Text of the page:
A study released today by the Conservatives Concerned About the Death Penalty finds that Republican support of the death penalty significantly decreased over the past seven years.
From 2000 to 2012, the number of Republican lawmakers who sponsored death penalty repeal bills never rose above single digits. But in 2013, Republican sponsors repealing the death penalty doubled — and it rose to 40 sponsors by 2016.
Conservatives Concerned About the Death Penalty argues that ending the death penalty is not a liberal issue, citing that 40 percent of the Republicans that sponsored repeal bills were from red states.
In a news conference held by the group today, state representatives and senators from across the U.S. spoke about why they believe the death penalty should not exist, citing both moral and religious reasons.
“This is a pro-life issue, a Christian issue, a Catholic issue,” said Washington State Sen. Mark Miloscia. “For me it’s a personal and faith issue to be on this journey here to make sure all of our citizens are protected. We work for redemption.”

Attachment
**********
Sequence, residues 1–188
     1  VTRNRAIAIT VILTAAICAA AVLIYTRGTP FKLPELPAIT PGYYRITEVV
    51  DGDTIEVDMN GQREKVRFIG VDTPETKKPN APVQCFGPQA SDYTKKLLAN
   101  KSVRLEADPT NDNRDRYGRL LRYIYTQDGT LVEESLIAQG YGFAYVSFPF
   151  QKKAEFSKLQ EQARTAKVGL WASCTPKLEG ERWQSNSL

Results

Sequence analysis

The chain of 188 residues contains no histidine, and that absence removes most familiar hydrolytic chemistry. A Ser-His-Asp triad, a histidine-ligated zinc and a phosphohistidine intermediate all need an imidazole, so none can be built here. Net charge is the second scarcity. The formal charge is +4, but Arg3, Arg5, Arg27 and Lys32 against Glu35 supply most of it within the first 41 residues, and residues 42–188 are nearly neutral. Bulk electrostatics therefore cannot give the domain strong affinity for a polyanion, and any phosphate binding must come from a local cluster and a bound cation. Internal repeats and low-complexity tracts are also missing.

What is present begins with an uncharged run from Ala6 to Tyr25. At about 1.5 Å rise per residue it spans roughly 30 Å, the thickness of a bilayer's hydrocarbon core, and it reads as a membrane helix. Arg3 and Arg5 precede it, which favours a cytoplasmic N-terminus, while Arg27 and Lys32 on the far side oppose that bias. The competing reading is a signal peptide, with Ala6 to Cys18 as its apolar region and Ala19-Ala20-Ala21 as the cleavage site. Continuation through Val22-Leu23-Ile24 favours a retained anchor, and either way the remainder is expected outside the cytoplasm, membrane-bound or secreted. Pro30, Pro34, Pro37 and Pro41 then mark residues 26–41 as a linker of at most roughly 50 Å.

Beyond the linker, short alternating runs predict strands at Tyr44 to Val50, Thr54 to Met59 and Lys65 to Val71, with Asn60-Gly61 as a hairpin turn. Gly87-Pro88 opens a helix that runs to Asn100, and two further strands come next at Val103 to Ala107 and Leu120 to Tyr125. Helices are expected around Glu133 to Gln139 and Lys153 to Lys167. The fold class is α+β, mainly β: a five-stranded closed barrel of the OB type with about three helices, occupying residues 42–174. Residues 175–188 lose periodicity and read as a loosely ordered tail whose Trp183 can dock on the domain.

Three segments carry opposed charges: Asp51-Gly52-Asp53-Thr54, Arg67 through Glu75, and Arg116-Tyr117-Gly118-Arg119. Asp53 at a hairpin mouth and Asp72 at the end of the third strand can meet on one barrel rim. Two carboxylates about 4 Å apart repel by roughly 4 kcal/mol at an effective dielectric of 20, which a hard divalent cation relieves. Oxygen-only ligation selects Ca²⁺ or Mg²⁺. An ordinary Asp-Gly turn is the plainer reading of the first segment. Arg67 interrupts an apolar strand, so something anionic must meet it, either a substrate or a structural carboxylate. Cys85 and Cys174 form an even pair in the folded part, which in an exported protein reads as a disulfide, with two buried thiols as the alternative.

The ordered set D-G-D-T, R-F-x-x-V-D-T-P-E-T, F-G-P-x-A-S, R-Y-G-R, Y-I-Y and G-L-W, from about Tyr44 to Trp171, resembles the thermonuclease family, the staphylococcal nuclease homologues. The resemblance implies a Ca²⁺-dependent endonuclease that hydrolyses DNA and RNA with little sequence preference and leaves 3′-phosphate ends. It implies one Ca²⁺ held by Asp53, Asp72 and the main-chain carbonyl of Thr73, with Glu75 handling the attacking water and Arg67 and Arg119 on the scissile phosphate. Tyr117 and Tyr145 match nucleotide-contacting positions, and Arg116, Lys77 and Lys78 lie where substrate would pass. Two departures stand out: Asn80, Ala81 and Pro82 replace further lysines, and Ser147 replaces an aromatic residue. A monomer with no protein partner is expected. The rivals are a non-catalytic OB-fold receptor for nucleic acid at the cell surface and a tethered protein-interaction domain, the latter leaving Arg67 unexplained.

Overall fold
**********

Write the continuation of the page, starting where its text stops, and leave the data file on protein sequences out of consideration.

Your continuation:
Others cited limited government and fiscal concerns that indicate capital punishment is a moral and financial burden.
“This is a system that is broken; we shouldn’t trust this system when we’re got the evidence to show that it doesn’t work,” said former Nebraska state Sen. Colby Coash. Nebraska was the first red state to abolish the death penalty.
The report shows a major shift from 2012 to 2013. In 2012, there were only nine Republican sponsors of death penalty repeal. In 2013, the number jumped to 20. The authors of the study point to the actions of then governor George Ryan of Illinois as the turning point for Republican support of the death penalty repeal. Ryan placed a state-based moratorium on executions in 2000 — the first in the nation. This led other state level leaders to question their stances on the death penalty.
The five states with the highest number of Republican sponsors — Missouri, Kentucky, Kansas, Montana, and Nebraska — were all red states.
Read the full report here.